Like a fast moving cloud, the skies over downtown Syracuse and the east side are filled with thousands of crows as the sun sets.
"Fascinating but a little frightening at the same time," said Terri Cook. Her car had been hit multiple times by crow droppings while parked in Syracuse.
The crows have a reverse commute. They fly out into the suburbs when the sun is up before returning to the same roosts every night.
"What they're doing during the day is flying out into cornfields. That's why if you watch, they're coming from 360 degrees. You've got cornfields 360 degrees," said SUNY Environmental Science Professor Guy Baldassarre.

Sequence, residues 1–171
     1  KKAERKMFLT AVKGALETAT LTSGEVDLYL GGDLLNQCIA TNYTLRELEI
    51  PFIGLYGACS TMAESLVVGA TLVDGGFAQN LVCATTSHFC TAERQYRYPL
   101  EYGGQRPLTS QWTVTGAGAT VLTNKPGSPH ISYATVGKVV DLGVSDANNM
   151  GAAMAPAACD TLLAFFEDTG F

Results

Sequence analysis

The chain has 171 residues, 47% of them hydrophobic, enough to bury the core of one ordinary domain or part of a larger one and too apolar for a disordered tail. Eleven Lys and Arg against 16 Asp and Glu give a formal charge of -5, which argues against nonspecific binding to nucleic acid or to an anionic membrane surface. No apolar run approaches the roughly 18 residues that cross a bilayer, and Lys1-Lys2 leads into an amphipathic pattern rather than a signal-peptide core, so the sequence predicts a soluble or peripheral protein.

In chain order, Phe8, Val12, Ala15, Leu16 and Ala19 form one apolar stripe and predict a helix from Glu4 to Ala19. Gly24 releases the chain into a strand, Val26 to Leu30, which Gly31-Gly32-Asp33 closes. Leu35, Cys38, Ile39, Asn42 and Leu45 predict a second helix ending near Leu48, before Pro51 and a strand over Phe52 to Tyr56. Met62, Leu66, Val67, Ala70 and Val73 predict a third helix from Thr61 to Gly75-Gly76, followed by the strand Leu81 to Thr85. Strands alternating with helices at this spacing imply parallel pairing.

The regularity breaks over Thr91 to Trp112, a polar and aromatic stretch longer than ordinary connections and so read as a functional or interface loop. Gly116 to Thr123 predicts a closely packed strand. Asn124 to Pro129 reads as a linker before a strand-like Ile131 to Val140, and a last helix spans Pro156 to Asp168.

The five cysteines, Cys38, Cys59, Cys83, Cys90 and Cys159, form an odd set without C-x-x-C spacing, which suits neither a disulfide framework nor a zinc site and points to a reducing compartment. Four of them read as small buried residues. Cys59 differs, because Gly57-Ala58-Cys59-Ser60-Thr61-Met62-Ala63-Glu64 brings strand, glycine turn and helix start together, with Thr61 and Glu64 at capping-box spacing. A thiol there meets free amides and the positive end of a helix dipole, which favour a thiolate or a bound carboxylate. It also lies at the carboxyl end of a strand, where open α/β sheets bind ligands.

Many experts believe the crows like the slightly warmer temperatures of cities compared to the fields. Auburn and Watertown are known for crows flocks in the winter. Both of those cites have brought in crews to harass the birds with lasers, noisemakers and sirens and it's likely that many of those crows simply relocated to Syracuse.
"You reliably get into auburn and harass them and you harass them and harass them," said Baldassarre. "They're going to go somewhere. If they go to another place that meets their needs and nobody is bothering them - they're going to stay there."
Terri Wood tried to stay away from the army of crows when she came into the city for a show at Syracuse Stage but like many people, she could not avoid what they left behind.
"It was a little intimidating. I kept thinking about Alfred Hitchcock and the birds - and all these birds watching us would move in a swarm from one tree to another tree across the way," said Wood.